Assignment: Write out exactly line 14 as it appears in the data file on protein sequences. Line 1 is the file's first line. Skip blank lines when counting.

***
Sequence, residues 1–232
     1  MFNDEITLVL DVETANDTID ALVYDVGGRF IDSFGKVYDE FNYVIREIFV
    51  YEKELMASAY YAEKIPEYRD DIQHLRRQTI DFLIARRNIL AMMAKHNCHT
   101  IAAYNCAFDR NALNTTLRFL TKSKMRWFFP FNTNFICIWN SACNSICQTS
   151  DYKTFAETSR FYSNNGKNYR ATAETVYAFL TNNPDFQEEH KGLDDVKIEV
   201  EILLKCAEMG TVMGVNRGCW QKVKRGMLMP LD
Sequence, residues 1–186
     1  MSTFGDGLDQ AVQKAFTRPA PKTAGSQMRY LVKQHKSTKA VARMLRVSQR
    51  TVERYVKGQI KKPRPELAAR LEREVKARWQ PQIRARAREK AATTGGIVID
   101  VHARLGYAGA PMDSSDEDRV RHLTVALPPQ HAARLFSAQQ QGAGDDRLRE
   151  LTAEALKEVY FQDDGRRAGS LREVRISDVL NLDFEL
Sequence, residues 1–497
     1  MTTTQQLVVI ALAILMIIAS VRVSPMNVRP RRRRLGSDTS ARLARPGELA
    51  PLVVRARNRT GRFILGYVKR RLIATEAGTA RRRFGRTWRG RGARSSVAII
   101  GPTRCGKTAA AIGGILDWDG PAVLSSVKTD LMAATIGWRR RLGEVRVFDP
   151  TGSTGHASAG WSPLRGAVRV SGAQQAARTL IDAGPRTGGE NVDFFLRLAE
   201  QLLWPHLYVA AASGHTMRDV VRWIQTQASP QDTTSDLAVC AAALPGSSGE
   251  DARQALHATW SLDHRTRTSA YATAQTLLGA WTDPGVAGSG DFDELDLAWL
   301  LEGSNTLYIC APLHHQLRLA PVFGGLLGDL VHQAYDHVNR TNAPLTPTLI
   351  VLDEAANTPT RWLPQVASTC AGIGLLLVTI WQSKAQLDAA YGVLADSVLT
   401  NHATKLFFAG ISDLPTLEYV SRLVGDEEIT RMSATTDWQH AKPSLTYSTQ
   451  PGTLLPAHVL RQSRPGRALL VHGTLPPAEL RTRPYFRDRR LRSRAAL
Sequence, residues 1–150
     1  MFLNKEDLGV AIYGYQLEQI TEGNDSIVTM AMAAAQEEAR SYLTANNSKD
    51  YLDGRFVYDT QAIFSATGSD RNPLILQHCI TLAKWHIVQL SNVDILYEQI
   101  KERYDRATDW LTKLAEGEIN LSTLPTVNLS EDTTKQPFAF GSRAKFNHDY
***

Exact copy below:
    51  PLVVRARNRT GRFILGYVKR RLIATEAGTA RRRFGRTWRG RGARSSVAII